A device is provided in accordance with some embodiments. The device includes a substrate, a fin formed in the substrate, a capping layer overlying the fin, and an interfacial layer on the capping layer, wherein a material composition of the interfacial layer is different than a material composition of the capping layer. The device also includes a gate spacer on the interfacial layer, the interfacial layer and the capping layer being interposed between the fin and the gate spacer. The device also includes a gate dielectric layer adjacent the gate spacer, the gate dielectric layer extending along sidewalls of the capping layer and the interfacial layer, and a gate electrode over the gate dielectric layer.

A device is provided in accordance with some embodiments. The device includes a fin protruding from a substrate, a gate electrode over the fin, and a gate dielectric layer between the fin and the gate electrode, the gate dielectric layer covering sidewalls of the gate electrode. The device also includes a gate spacer adjacent to the gate dielectric layer, the gate spacer being over the fin, a capping layer between the gate spacer and the fin, and a source/drain region extending from the fin, sidewalls of the source/drain region being covered by the capping layer.

The foregoing outlines features of several embodiments so that those skilled in the art may better understand the aspects of the present disclosure. Those skilled in the art should appreciate that they may readily use the present disclosure as a basis for designing or modifying other processes and structures for carrying out the same purposes and/or achieving the same advantages of the embodiments introduced herein. Those skilled in the art should also realize that such equivalent constructions do not depart from the spirit and scope of the present disclosure, and that they may make various changes, substitutions, and alterations herein without departing from the spirit and scope of the present disclosure.

Claims

1. A device, comprising:

a fin comprising a lightly doped source/drain (LDD) region;
a capping layer over the LDD region;
a gate stack over the fin, the gate stack comprising a gate electrode and a gate dielectric, the gate dielectric extending along sidewalls of the capping layer; and
a gate spacer adjacent to sidewalls of the gate electrode, the capping layer being interposed between the gate spacer and the LDD region.

2. The device of claim 1, wherein the capping layer is pure silicon.

3. The device of claim 2, wherein the capping layer has a thickness in a range of 10 Å to 20 Å.

4. The device of claim 1, wherein the capping layer comprises SiON.

5. The device of claim 4, wherein the capping layer has a thickness in a range of 5 Å to 15 Å.

6. The device of claim 4, wherein a surface of the capping layer has a surface N percentage of 2% to 30%.

7. The device of claim 1, wherein the capping layer comprises Al2O3.

8. The device of claim 7, wherein the capping layer has a thickness in a range of 3 Å to 47 Å.

9. The device of claim 1, wherein the capping layer comprises Si3N4.

10. The device of claim 9, wherein the capping layer has a thickness in a range of 25 Å to 45 Å.

11. A device, comprising:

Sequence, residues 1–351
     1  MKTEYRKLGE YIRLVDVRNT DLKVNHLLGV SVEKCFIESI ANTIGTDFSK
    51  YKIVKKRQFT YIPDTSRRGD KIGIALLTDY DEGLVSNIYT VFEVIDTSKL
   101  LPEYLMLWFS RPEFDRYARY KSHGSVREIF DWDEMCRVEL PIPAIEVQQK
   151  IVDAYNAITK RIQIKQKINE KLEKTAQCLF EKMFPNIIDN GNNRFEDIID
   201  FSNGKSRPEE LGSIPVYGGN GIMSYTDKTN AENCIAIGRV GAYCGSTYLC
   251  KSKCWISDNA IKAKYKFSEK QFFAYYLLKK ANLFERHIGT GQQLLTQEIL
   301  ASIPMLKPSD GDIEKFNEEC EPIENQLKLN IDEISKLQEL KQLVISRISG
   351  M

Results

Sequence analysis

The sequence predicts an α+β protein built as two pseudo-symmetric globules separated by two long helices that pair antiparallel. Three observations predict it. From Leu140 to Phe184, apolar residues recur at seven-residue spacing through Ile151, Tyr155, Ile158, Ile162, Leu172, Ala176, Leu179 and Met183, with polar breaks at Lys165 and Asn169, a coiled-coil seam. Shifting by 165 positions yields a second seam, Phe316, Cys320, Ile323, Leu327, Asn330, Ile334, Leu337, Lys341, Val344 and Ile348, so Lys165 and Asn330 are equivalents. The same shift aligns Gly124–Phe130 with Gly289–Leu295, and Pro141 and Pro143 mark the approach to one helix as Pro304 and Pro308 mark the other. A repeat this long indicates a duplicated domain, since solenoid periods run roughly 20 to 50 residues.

a substrate;
a fin formed in the substrate;
a capping layer overlying the fin;
an interfacial layer on the capping layer, wherein a material composition of the interfacial layer is different than a material composition of the capping layer;
a gate spacer on the interfacial layer, the interfacial layer and the capping layer being interposed between the fin and the gate spacer;
a gate dielectric layer adjacent the gate spacer, the gate dielectric layer extending along sidewalls of the capping layer and the interfacial layer; and
a gate electrode over the gate dielectric layer.

12. The device of claim 11, wherein a channel region of the fin comprises germanium.

13. The device of claim 12, wherein the channel region of the fin has a concentration of germanium of at least 25%.

14. The device of claim 11, wherein the interfacial layer comprises silicon oxide or silicon nitride.

15. The device of claim 11, wherein a combined thickness of the capping layer and the interfacial layer is in a range of 25 Å to 50 Å.

16. A device, comprising:

a fin protruding from a substrate;
a gate electrode over the fin;
a gate dielectric layer between the fin and the gate electrode, the gate dielectric layer covering sidewalls of the gate electrode;
a gate spacer adjacent to the gate dielectric layer, the gate spacer being over the fin;
a capping layer between the gate spacer and the fin; and
a source/drain region extending from the fin, sidewalls of the source/drain region being covered by the capping layer.

17. The device of claim 16, wherein the gate dielectric layer covers a first sidewall of the capping layer.

18. The device of claim 17, wherein the source/drain region covers a second sidewall of the capping layer, the second sidewall being opposite the first sidewall.

19. The device of claim 16, wherein the capping layer is interposed between the gate spacer and the source/drain region.

20. The device of claim 19, wherein an interfacial layer is interposed between the capping layer and the gate spacer.

Patent History
Publication number: 20210091209
Type: Application
Filed: Dec 7, 2020
Publication Date: Mar 25, 2021
Inventors: Chia-Cheng Chen (Hsinchu), Huicheng Chang (Tainan City), Liang-Yin Chen (Hsinchu)
Application Number: 17/113,512
Classifications
International Classification: H01L 29/66 (20060101); H01L 21/02 (20060101); H01L 29/10 (20060101); H01L 29/78 (20060101);